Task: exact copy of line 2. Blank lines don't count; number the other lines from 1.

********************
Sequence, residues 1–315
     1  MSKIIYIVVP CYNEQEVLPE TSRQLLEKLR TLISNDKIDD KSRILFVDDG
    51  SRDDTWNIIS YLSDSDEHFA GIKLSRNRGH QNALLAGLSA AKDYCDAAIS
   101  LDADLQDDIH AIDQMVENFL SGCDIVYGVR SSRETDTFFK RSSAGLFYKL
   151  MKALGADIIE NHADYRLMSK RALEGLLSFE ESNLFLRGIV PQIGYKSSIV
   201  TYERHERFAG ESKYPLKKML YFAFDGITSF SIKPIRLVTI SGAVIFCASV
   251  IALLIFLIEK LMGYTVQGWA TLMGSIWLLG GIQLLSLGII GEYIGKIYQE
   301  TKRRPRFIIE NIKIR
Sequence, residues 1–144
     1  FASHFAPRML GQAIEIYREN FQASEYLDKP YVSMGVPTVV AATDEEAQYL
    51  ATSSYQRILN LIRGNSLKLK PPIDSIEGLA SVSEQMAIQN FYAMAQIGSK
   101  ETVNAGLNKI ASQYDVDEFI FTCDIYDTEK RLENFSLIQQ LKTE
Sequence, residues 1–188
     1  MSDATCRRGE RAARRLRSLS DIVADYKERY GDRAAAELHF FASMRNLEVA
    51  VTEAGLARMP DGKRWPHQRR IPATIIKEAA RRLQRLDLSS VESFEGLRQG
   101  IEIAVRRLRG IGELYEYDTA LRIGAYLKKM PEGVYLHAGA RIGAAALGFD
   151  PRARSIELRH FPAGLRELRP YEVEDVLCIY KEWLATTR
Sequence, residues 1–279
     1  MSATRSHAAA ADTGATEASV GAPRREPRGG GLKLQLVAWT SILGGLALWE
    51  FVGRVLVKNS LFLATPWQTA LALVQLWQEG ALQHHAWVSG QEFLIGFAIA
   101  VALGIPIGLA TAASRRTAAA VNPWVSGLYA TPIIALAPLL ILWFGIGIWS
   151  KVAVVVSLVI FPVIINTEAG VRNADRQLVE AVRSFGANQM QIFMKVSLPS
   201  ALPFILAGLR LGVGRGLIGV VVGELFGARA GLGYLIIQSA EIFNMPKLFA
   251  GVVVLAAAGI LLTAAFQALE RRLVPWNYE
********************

     1  MSKIIYIVVP CYNEQEVLPE TSRQLLEKLR TLISNDKIDD KSRILFVDDG